(Adds comments, details)
By Luiza Ilie and Radu-Sorin Marinas
BUCHAREST, Nov 7 (Reuters) - Romanian inflation will rise significantly in the short term before stabilising and the central bank will assess the impact of measures it has taken as well as the way prices evolve before acting further, Governor Mugur Isarescu said on Tuesday.
Romania’s central bank kept its benchmark interest rate unchanged at a record low 1.75 percent, and further narrowed the corridor between its deposit and lending rates.
The symmetrical corridor will shrink to 1.00 percent on Nov. 8, from 1.25 percent, affecting interbank rates and increasing the effectiveness of its key rate.
The bank also said it will enforce “firm” liquidity management, changing the rhetoric from “adequate”.
Isarescu said the bank will inject liquidity when the market needs it, but that it could also use reverse repo and deposit auctions to drain excess cash. This will ensure market rates stick closer to the benchmark level, he said.
“We’re entering into an area in which the monetary policy rate effectively becomes the reference rate, it’s the one to watch going forward, and market rates will gravitate around it.”
Asked whether this meant changes in the central bank’s approach towards the exchange rate, Isarescu said it could be more flexible and move “both ways.”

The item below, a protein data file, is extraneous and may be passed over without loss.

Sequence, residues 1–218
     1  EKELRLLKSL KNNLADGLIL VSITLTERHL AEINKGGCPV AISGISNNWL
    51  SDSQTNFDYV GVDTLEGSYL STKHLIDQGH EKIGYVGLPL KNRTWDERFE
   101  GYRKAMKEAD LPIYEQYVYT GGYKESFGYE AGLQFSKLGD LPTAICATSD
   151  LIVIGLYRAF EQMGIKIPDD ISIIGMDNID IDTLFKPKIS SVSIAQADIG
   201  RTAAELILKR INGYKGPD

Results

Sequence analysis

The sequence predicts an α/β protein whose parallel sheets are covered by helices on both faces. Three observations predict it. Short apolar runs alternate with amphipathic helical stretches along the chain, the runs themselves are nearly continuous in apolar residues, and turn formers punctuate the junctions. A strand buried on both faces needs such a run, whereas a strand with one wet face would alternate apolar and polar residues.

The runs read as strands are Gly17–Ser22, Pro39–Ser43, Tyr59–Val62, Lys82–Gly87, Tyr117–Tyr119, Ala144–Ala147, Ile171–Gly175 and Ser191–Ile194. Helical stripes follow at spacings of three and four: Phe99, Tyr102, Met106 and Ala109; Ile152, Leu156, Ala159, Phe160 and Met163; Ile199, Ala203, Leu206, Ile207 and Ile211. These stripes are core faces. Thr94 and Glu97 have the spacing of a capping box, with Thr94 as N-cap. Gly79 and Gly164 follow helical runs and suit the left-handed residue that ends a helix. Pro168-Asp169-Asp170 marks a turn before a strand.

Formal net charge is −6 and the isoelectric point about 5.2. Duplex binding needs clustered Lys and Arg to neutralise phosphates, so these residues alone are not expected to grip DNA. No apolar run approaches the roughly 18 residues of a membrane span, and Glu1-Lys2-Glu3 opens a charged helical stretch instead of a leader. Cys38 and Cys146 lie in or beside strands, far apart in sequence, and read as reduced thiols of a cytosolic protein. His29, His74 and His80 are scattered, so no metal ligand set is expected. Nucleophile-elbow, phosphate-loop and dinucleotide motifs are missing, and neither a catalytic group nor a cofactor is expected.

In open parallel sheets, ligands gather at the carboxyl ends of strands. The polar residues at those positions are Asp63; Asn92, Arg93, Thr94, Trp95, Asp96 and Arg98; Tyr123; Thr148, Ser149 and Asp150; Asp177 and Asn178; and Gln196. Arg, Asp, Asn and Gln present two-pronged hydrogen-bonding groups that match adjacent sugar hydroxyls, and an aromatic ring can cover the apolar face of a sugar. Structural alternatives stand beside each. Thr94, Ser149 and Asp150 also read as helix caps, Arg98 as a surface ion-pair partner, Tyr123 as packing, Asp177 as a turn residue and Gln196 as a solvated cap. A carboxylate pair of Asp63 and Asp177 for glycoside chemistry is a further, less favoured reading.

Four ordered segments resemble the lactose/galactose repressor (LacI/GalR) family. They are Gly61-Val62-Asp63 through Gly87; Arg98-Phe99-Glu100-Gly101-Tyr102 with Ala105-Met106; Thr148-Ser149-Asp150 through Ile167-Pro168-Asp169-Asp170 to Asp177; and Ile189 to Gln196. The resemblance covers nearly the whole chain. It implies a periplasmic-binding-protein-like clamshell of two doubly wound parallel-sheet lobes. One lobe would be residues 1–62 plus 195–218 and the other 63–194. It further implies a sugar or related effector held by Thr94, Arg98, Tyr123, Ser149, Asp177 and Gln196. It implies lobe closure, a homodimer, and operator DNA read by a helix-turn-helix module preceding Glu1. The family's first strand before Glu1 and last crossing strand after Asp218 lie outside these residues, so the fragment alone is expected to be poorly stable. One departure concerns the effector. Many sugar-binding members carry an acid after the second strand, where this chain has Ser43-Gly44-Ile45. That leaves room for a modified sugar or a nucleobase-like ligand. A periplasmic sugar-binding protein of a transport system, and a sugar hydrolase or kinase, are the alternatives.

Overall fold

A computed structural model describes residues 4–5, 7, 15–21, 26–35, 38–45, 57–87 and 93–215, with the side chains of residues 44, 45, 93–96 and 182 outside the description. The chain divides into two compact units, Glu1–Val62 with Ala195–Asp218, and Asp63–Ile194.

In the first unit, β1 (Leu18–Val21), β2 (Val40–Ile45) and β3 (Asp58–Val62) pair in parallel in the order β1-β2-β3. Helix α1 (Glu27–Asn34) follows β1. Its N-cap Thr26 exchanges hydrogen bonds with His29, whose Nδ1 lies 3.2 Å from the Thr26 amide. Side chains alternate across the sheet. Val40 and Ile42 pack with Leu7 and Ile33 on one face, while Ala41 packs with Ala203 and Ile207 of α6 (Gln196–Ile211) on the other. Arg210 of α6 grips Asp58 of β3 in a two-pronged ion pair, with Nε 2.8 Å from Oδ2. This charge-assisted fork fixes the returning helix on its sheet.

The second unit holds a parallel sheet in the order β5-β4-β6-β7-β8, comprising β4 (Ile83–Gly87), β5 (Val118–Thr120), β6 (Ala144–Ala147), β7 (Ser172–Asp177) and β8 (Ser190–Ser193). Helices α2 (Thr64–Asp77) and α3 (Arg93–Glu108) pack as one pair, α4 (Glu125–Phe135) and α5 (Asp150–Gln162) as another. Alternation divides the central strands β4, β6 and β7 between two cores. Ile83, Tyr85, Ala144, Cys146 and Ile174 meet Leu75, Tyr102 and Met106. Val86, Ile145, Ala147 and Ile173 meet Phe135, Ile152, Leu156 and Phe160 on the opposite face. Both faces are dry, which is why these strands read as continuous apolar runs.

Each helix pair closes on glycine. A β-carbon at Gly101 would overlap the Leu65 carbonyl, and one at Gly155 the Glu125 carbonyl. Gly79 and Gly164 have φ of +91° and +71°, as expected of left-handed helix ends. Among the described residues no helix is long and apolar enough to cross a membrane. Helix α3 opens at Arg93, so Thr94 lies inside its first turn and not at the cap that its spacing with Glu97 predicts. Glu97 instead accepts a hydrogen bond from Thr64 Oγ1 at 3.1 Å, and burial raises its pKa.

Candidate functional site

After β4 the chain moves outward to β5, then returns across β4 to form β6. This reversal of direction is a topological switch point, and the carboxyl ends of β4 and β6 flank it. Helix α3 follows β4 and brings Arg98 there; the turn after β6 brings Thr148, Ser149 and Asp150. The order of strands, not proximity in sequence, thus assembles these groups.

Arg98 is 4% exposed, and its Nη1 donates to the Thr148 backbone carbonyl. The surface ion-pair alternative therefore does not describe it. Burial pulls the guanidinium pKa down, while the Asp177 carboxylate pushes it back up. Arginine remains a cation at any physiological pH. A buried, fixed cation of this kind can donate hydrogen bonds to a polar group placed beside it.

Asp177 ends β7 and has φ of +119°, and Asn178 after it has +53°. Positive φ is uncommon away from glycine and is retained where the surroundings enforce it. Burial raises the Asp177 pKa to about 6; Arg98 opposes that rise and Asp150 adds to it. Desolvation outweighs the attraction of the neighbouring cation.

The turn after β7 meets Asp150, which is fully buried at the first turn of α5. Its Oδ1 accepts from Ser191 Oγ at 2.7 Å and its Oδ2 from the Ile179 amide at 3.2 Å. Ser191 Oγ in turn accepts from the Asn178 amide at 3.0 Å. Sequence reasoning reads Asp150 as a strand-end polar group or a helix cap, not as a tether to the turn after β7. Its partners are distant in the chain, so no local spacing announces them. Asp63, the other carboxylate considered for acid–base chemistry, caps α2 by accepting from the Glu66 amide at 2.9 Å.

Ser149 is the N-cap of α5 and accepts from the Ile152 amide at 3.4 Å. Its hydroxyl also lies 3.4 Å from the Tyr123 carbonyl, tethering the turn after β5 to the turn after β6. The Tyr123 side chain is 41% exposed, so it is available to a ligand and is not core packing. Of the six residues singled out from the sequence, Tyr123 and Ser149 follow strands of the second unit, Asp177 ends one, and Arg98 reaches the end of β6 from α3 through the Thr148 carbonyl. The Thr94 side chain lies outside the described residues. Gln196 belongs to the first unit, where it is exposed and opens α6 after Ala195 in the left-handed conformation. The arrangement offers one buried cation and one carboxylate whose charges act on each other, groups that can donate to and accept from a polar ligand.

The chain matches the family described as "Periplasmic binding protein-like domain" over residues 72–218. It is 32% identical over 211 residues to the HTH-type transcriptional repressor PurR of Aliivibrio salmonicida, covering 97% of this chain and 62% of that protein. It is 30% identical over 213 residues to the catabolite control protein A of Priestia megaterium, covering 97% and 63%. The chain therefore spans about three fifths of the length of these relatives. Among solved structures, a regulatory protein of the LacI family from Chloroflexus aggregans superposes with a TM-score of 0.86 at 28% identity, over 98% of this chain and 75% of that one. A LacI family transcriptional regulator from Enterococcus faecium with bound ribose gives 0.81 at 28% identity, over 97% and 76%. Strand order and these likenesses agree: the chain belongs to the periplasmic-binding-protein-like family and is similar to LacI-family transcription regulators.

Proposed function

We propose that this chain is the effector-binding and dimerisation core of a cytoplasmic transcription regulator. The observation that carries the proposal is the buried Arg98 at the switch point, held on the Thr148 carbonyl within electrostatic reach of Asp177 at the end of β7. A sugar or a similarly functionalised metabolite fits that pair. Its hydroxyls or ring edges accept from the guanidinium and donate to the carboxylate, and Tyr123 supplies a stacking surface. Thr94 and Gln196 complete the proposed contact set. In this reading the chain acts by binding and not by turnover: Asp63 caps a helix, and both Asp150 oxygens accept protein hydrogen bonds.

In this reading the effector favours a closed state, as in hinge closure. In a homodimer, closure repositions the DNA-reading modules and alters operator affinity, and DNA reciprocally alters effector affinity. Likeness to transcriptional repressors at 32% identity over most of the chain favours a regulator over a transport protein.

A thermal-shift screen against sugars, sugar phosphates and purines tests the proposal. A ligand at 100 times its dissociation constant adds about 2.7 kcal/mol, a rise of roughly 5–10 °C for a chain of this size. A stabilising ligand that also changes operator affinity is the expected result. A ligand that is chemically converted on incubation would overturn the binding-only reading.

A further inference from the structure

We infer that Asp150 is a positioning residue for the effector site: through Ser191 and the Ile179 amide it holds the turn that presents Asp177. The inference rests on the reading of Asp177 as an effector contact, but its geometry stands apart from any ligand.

The comments caused the Romanian leu to fall nearly one percent against the euro to its weakest level since August 2012. It has since recovered some of the losses.
The bank has been wary of sharp currency moves in the past, given the dominance of hard currency-denominated loans. Leu loans have taken over in recent years.
Consumer price inflation rose to 1.8 percent in September, from August’s 1.2 percent, above consensus. The bank currently forecasts inflation at 1.9 percent this year and 3.2 in 2018, driven by rising energy prices, a fuel tax and base effect.
The bank, which will announce new inflation forecasts on Thursday, said the new figure for 2017 was “noticeably higher”.
Isarescu said the bank will need to assess the impact of the measures it has already taken. He added the bank was looking to see whether high inflation becomes a trend before it acts.
“We are carefully monitoring the (inflation) trend,” Isarescu said. “Statistically, we expect to have an inflation spike in the first quarter. We expect it will be overcome, so there is no point in reacting to it ... with measures that could damage the economy.”
“But if we see that there is a trend and a rise in inflation that tends to last then of course we will react.”
The bank has kept its key interest rate on hold since May 2015. It is widely expected to start tightening in 2018. (Reporting by Luiza Ilie and Radu Marinas; Editing by Adrian Croft)